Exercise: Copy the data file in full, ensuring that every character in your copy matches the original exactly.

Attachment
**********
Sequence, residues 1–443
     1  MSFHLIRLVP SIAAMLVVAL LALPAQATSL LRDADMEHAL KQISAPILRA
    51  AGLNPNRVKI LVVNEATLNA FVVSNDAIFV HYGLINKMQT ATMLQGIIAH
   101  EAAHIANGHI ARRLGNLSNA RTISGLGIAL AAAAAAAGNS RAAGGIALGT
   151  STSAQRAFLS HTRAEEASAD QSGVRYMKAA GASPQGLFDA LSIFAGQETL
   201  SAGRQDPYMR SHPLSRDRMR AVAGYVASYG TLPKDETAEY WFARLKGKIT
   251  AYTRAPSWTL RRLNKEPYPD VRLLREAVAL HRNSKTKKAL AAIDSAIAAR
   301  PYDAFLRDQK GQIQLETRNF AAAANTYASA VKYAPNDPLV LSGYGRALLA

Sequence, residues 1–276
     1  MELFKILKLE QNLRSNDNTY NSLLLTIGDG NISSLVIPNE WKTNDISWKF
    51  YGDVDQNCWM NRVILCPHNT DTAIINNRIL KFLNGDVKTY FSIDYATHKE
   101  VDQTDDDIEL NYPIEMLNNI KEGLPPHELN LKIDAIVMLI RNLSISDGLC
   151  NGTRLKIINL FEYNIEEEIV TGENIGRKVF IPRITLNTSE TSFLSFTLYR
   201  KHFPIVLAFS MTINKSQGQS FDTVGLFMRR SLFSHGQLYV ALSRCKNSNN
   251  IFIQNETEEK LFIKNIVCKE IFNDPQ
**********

Sequence, residues 1–443
     1  MSFHLIRLVP SIAAMLVVAL LALPAQATSL LRDADMEHAL KQISAPILRA
    51  AGLNPNRVKI LVVNEATLNA FVVSNDAIFV HYGLINKMQT ATMLQGIIAH
   101  EAAHIANGHI ARRLGNLSNA RTISGLGIAL AAAAAAAGNS RAAGGIALGT
   151  STSAQRAFLS HTRAEEASAD QSGVRYMKAA GASPQGLFDA LSIFAGQETL
   201  SAGRQDPYMR SHPLSRDRMR AVAGYVASYG TLPKDETAEY WFARLKGKIT
   251  AYTRAPSWTL RRLNKEPYPD VRLLREAVAL HRNSKTKKAL AAIDSAIAAR
   301  PYDAFLRDQK GQIQLETRNF AAAANTYASA VKYAPNDPLV LSGYGRALLA

Sequence, residues 1–276
     1  MELFKILKLE QNLRSNDNTY NSLLLTIGDG NISSLVIPNE WKTNDISWKF
    51  YGDVDQNCWM NRVILCPHNT DTAIINNRIL KFLNGDVKTY FSIDYATHKE
   101  VDQTDDDIEL NYPIEMLNNI KEGLPPHELN LKIDAIVMLI RNLSISDGLC
   151  NGTRLKIINL FEYNIEEEIV TGENIGRKVF IPRITLNTSE TSFLSFTLYR
   201  KHFPIVLAFS MTINKSQGQS FDTVGLFMRR SLFSHGQLYV ALSRCKNSNN
   251  IFIQNETEEK LFIKNIVCKE IFNDPQ